Say say two thousand zero zero party over, oops, out of time
So tonight I’m gonna party like it’s nineteen ninety-nine” – Prince 1999
Prince wrote the song “1999” in 1982, 18 years before the clock ran out on the 20th century and possibly the greatest stock market run in American history.
In 1999, equity valuations stood at unprecedented peaks, even dwarfing those of 1929. At the time, investors were euphoric as if the rally were eternal. Newbies were killing it, and veterans were cleaning up like never before. Some stocks were rising 10, 20, and even 30% or more in a day. Companies adding dot com to their name or discussing new internet technology saw huge pops in their share prices. Investors bought the narrative with little to no due diligence.
Sound familiar? Not only is today’s speculative environment eerily similar to the late 90s, but valuations, in many cases, are frothier than that period.
Comparing valuations from separate periods is inaccurate as economic and earnings environments can be different. This article contrasts the valuations and environments to consider if it’s time to leave the party or stay and rock on. To help you decide we provide a statistical analysis showing the potential downside risk facing the S&P 500.
First, however, let’s look at a few valuation measures to provide context between today and 1999.
S&P 500 Price to Earnings
Price to earnings (P/E) is the most often used method to value stocks. It’s common for investors to use the trailing 12 months (ttm) of earnings in the P/E denominator, as shown in the first graph.
Some investors, including ourselves, prefer using the CAPE P/E. Robert Shiller’s CAPE method uses the last ten years of earnings to better factor in secular earnings trends and avoids one-off events that distort valuations.
P/E valuations are grossly extended, and in both calculations nearing or surpassing levels in 1999. The graphs also show valuations are well above those of 1929.
Price To Sales
The benefit of using the ratio price to sales (P/S) versus P/E is that sales, or revenue, are not easy to manipulate by executives.
The graph below shows the price to sales ratio (P/S) is now 50% above where it was in 1999.
The charts below, courtesy of the Leuthold Group, provide further context. The top chart shows 15% of the S&P 500 stocks have a P/S ratio greater than ten. That compares to 8% in 1999. The bottom graph shows the median P/S ratio is nearly double the 1999 level.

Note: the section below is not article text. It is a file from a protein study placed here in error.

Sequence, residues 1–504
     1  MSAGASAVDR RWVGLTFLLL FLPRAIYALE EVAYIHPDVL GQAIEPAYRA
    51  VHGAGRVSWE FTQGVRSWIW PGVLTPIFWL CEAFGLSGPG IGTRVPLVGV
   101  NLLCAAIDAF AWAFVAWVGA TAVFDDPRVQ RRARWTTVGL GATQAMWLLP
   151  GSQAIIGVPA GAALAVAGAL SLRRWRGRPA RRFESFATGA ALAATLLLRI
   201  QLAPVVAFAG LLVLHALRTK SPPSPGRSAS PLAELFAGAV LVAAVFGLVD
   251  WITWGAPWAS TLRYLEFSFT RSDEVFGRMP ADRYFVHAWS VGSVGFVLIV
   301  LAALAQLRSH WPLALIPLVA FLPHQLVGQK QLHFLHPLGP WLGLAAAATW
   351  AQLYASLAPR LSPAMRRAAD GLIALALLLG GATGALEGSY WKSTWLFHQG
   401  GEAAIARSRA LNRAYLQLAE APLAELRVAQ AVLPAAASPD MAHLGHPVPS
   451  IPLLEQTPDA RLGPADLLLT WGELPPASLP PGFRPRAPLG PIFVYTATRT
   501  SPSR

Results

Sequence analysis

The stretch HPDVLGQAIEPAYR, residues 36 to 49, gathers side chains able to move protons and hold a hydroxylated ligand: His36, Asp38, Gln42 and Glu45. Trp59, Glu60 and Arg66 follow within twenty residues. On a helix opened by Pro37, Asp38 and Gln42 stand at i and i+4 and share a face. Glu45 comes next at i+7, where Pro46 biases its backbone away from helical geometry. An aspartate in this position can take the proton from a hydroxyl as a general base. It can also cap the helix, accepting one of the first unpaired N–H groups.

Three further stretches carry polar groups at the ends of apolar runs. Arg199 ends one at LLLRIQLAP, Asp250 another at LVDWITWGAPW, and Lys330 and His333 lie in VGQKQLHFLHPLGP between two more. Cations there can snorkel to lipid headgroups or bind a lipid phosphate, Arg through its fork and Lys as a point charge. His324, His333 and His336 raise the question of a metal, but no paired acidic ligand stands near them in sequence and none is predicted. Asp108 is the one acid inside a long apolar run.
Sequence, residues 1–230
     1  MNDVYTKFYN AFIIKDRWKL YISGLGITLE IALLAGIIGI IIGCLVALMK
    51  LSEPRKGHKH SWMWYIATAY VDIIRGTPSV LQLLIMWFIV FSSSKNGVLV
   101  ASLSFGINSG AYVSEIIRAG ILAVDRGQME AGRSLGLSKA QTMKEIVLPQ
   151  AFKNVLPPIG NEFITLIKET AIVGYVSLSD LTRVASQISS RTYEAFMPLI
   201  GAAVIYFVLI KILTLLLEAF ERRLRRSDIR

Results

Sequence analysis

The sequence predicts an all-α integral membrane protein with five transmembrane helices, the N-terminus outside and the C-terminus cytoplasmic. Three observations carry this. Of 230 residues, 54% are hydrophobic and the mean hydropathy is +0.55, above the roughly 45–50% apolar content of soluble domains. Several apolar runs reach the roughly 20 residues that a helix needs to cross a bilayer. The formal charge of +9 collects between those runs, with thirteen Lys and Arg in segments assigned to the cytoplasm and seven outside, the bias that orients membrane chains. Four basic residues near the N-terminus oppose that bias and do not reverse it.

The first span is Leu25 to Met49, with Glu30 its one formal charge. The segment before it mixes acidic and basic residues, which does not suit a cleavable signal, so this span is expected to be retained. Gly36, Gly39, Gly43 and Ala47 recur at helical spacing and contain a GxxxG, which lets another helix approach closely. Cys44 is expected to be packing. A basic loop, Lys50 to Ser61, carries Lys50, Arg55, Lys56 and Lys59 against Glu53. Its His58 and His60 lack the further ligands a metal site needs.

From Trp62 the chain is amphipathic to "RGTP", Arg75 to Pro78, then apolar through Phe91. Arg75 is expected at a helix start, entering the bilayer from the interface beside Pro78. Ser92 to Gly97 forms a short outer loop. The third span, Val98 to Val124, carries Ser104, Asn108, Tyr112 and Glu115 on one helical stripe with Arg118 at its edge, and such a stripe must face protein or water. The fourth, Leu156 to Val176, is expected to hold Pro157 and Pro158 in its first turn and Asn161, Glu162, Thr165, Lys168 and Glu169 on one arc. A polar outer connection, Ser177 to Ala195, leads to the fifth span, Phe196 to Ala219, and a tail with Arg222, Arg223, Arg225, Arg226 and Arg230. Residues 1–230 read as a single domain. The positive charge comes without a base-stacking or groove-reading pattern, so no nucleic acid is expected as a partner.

To highlight what a P/S ratio of ten entails, we quote Scott McNeely, the CEO of Sun Microsystems, from 1999.
“At 10 times revenues, to give you a 10-year payback, I have to pay you 100% of revenues for 10 straight years in dividends. That assumes I can get that by my shareholders. It assumes I have zero cost of goods sold, which is very hard for a computer company. That assumes zero expenses, which is really hard with 39,000 employees. That assumes I pay no taxes, which is very hard. And that assumes you pay no taxes on your dividends, which is kind of illegal. And that assumes with zero R&D for the next 10 years, I can maintain the current revenue run rate. Now, having done that, would any of you like to buy my stock at $64? Do you realize how ridiculous those basic assumptions are?”
More Valuation Metrics
The following graph is purportedly Warren Buffet’s favorite valuation technique. The measure compares the inflation-adjusted market cap of the S&P 500 as a ratio to the economy. Given that earnings and economic growth correlate well over time, the ratio effectively points out valuation extremes. Currently, the ratio is at 2.50, well above the 1.95 from 1999 and 1.40 leading into the Financial Crisis.
Now, let’s take a look at the Q-ratio.
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